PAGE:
Women helped pull the United States economy out of the last recession. Nevertheless, this time they are falling behind, unfortunately.
The pandemic disproportionately affects women and threatens to wipe out decades of their economic progress. Some of the most significant pain points are among those with young children and women of color, as the crisis drags on.
Some economists characterize those setbacks as the first female recession of the nation. Thus, these setbacks contrast to the dramatic progress women made in the expansions after the last financial crisis. Women lost promotions, income, and jobs because of the coronavirus. Thus, it can sideline an entire generation of women and hold back economic growth.
The official data are stark. The unemployment rate for Hispanic and Black adult women remains above ten percent. Nevertheless, it has decreased to 7.3% for White women. It is according to data from the Labor Department. The Labor Department will report the September employment figures on Friday.
The prime-age means women between the ages of 25 and 54. Thus, they are increasingly dropping out of the workforce. They often care for children. The participation gap between women and men in this age group is widening. It is happening after shrinking for the narrowest ever right before the virus.
The case point is Nancy Weindruch. She is thirty-six years old.
Weindruch dopped her job in communications in July. She did it to care for her two years old son. Meanwhile, Weindruch’s husband kept his higher-paying work as a political consultant. She took advantage of a government program that provided paid leave earlier in the pandemic. Nevertheless, it has expired. Thus, her only hope is that situation will get better soon.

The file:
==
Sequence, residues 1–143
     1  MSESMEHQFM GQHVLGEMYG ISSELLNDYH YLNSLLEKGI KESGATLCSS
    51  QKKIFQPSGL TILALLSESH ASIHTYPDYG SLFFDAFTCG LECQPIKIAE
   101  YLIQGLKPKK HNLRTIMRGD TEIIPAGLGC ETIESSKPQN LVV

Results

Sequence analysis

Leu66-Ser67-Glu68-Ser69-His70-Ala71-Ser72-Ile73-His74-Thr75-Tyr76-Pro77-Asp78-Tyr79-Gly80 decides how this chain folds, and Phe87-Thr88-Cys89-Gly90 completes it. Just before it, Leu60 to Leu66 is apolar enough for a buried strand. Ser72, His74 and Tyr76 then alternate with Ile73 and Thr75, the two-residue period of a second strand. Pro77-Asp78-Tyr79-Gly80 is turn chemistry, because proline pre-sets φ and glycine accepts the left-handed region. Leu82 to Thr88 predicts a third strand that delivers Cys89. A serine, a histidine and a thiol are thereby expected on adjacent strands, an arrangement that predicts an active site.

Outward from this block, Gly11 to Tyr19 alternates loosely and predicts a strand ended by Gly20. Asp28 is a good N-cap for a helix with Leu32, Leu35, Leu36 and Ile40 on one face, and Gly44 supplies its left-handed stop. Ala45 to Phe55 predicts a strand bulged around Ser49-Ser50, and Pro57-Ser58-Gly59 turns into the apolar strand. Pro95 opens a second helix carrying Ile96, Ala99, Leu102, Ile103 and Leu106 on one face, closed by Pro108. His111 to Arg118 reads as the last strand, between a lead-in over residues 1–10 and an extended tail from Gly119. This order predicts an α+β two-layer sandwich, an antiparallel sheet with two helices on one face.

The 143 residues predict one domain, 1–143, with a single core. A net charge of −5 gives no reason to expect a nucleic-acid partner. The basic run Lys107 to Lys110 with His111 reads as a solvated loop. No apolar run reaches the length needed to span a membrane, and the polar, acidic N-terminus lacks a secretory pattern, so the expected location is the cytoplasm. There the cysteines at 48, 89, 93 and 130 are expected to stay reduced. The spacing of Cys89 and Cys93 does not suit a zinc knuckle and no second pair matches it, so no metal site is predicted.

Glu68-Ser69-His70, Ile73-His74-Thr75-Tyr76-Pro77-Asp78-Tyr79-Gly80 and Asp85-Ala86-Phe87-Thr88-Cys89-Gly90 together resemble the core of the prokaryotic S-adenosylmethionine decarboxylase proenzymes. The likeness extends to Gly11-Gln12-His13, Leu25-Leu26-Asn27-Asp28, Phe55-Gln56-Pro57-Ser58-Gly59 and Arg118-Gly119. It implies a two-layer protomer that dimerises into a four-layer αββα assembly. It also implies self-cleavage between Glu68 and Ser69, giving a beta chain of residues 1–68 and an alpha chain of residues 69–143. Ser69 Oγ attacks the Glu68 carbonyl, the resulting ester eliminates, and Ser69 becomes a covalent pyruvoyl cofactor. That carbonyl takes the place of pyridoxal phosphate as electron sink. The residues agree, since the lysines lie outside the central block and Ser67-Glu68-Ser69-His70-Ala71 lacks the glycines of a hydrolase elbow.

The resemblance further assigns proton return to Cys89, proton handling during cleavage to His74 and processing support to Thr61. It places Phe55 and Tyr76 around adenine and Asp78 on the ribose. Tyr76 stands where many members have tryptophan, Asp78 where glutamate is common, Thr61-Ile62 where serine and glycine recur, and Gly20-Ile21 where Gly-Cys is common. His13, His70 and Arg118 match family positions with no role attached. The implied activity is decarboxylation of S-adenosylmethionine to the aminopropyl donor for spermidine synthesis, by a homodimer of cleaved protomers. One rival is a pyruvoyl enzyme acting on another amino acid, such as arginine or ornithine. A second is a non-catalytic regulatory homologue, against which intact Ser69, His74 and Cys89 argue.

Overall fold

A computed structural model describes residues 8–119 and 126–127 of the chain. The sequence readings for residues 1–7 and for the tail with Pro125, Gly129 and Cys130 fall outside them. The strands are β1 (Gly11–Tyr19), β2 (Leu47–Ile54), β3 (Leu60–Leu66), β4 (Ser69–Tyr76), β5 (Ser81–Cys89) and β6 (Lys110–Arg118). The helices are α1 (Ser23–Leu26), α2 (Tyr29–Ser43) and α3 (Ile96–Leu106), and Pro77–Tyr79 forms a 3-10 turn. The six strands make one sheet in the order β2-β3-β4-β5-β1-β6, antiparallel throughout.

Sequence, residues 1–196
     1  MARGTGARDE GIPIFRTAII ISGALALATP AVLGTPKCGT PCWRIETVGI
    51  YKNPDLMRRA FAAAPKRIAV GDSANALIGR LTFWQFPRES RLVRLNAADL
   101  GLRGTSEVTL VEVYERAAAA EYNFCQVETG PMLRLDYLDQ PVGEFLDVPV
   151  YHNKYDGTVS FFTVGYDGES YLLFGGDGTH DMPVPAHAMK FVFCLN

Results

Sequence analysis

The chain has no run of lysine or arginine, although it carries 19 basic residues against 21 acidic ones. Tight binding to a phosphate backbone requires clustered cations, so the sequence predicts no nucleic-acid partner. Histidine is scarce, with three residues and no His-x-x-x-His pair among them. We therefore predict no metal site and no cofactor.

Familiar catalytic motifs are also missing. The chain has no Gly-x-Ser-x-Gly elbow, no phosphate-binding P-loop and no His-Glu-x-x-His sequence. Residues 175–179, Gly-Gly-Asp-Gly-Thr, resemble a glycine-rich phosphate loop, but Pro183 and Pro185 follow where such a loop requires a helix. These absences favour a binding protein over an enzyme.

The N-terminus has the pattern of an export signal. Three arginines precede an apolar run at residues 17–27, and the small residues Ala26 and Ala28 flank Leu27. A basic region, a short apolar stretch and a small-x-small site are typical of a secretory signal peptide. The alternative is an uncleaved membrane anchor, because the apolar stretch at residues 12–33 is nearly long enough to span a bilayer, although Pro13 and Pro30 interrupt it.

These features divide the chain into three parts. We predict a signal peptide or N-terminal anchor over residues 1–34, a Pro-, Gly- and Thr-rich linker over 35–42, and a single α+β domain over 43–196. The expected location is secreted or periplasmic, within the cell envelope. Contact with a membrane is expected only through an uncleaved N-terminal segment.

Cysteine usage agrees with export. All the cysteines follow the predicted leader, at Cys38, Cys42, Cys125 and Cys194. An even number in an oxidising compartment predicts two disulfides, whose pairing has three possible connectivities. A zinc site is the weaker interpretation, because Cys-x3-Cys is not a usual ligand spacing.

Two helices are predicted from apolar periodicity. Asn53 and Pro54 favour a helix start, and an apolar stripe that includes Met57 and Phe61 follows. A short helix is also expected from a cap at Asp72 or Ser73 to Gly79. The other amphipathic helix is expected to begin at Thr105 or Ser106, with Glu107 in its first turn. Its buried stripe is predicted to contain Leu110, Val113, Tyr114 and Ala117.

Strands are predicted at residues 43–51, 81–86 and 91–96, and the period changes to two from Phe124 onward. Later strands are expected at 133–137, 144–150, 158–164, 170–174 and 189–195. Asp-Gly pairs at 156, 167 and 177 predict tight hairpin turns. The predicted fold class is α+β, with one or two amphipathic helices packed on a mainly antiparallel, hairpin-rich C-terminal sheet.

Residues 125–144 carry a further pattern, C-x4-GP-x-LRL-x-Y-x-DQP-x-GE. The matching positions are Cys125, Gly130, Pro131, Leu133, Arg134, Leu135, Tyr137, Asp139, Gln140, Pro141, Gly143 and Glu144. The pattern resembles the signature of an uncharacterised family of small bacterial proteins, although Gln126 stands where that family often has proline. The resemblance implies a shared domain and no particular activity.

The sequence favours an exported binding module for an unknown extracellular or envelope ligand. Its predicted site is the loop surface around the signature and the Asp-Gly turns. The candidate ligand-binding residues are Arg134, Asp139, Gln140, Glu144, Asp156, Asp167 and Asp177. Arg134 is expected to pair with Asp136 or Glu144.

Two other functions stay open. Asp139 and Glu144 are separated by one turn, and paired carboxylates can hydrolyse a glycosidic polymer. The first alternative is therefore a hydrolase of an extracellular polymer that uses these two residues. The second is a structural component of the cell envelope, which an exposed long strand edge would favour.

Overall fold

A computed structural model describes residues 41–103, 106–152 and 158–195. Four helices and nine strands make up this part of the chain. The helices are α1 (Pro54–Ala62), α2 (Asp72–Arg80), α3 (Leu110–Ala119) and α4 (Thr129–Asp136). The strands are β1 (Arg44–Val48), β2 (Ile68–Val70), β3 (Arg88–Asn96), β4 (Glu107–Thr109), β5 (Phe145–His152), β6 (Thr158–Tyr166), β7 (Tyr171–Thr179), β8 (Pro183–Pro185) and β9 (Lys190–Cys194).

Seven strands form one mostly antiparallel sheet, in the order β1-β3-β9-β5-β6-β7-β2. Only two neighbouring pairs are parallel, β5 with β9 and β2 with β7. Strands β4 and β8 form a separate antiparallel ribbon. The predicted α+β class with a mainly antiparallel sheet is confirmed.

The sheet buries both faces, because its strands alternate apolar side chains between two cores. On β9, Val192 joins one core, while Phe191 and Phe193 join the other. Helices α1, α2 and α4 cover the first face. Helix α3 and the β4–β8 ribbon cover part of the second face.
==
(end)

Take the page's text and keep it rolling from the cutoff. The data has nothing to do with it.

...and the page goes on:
Women and Pandemic
Many more women lost jobs during the pandemic than men.
Weindruch said that she is determined to return to the workforce even though she is ready to start a few steps behind.
Economists think that it will be difficult for women like Weindruch to return. Moreover, there can be long-lasting consequences for the entire economy and not just for women.
Latina and Black women’s jobless rates were getting closes to the lows of White women before the crisis. They are recovering more slowly now.
Julia Coronado is president of MacroPolicy Perspectives LLC. She said that when you hear Federal Reserve officials worry about permanent scarring, that is permanent scarring.
Jerome Powell is Federal Reserve Chair. He repeated many times that minorities and women have been among the hardest hit economically by the coronavirus.
Many of millennial women have children. They were ‘blazing trials’ before the pandemic. Thus, now they are falling behind. Coronado said that it is a painful setback.
According to some policy analysts and economists, the female recession can slow the recovery. After a pandemic recession, instead of shrinking as it would during a typical downturn, the wage gap will be more than two percentage points wider. That is according to a Matthias Doepke, Northwestern University economics professor. He co-authored a recent study on the topic.
Unfortunately, even after a vaccine will be ready, tens of millions of women might never return to the labor force.